Subject: I have found a CD that I think you would enjoy
Morning Raga / Evening Raga
Genres: World Music, Pop
Listen to Samples
Similarly Requested CDs
I have a sudden urge to ride an elephant.
spiral_mind | Pennsylvania | 11/14/2003
(5 out of 5 stars)
"Twang.. twang.. twaaaaaaaannnnnnng. The sitar is one of those instruments that can't be confused for any other, so if you don't like it, run for the hills. Stay around long enough to give one of these albums a chance, though, and you might find it growing on you in ways you don't expect. Whether you just want some quiet pleasing background noise or if you want to hear a simple rhythmic pattern being changed at every turn, you'll be well satisfied here in either case. Fascinated with modern math-rock, where people do fun things with shifting time signatures? This disc will be food for thought for quite a while.
The setup is simple: sitar, tamboura and tabla (hand drums). The first thirteen minutes of "Raga Nala Bhairav" float through the air in a haze of unaccompanied echoing strings, building layer on layer as the older ones fade. It's passages like this that probably demonstrate Shankar's graceful touch the most, although nothing is lost once the percussion joins in for the rest of the album. From that point on it's a collective effort, everyone playing around a rhythm that just can't be pinned down for long. You may think this setup doesn't lend itself to much heaviness, but "Raga Mishra Piloo" builds and builds to a fiery jam at the end that burns no less brightly for not being conventionally 'heavy.'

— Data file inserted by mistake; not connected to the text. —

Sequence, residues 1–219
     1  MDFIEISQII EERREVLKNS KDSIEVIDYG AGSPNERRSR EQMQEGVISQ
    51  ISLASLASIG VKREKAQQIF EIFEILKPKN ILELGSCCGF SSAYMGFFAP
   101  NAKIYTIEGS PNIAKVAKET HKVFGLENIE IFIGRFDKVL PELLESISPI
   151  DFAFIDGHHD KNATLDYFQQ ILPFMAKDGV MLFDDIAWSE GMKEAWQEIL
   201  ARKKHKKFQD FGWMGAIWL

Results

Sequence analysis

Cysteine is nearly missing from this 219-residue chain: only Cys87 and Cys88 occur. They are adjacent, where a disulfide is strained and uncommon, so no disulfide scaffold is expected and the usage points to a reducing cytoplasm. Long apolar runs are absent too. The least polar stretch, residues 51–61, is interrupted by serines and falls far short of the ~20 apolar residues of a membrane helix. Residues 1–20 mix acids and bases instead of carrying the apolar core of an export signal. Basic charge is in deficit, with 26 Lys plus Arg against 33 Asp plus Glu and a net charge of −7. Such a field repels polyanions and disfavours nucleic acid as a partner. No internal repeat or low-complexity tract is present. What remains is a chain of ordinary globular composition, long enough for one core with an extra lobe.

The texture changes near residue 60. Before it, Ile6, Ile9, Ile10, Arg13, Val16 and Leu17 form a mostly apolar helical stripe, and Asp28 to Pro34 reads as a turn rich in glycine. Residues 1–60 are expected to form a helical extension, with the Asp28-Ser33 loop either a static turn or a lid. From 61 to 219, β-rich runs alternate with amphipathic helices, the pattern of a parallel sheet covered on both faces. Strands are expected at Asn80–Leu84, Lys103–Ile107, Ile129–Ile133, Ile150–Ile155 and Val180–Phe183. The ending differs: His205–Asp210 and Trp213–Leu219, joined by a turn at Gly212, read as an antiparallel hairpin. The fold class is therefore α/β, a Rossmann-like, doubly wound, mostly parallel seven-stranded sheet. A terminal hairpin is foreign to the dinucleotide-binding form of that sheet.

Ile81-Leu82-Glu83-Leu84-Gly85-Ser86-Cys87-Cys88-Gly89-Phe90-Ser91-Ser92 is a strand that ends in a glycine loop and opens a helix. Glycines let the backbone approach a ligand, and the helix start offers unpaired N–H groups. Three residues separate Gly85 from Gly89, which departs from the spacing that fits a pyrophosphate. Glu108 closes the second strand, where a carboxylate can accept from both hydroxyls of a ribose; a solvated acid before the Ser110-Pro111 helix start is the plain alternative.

I don't know where to rate it in the vast Shankar catalogue, but on its own merits this album is hard to find fault with. It makes a pretty good introduction to classical Indian music for newbies (see also: The Sounds of India) and an immensely satisfying listen for those who already love it. The remastering makes this disc sound like it could have been recorded this morning. Five stars because it's a strong release from start to finish, exotic and calming and undeniably beautiful."
He's still the best.
HOT MIX | Southwest Desert | 07/09/2005
(5 out of 5 stars)
"I love all the Indian sitarists but Ravi Shankar is still the best and I have all his albums, I especially like "sound of sitar" and "three ragas". Others sitarists I love are Ali Akbar Khan, Nikhil Banerjee, Jan Garbarek, Hariprasad Chaurasia, Irshad Kahn, Rash Bilashkhani Todi, Ustad Vilayat Khan. I must admit I don't like the frenetic--I prefer slower and more contemplative like "Magic of Twilight" by Irshad Kahn or "Magic of the Indian Sitar" by Rash Todi, or "Garden of Dreams" and "Journey" by Ustad Ali Akbar Khan. Slow, melodious evokes thought but when things get loud and cacaphonous it's a little hard to take for the "MEDITATION" section. It's all a matter of personal preference and shouldn't start an international scandal just because more introverted folk prefer the slow and subtle."
The greatest ragas I've heard so far....
Grigory's Girl | NYC | 01/28/2006
(5 out of 5 stars)
"This is my favorite Ravi album (I have the albums In San Francisco, In London, and In New York). The Evening Raga is the greatest raga I've ever heard. 24 minutes of blinding intensity. I saw Ravi a few years back in Chicago and he was fantastic. He played with more energy and precision than rock stars 1/4 of his age (he was 80 at the time!). Sitar music requires a degree of seriousness on the part of the listener, and too often it's dismissed as something left over from the hippie 1960's. Everytime you see a 1960's flashback on a sitcom (The Simpsons is especially guilty of this), the background music is almost exclusively sitar music. Sitar music existed long before the 1960's, and it can be loved and appreciated without any drug influence. Long live Ravi! Let him live another 80 years...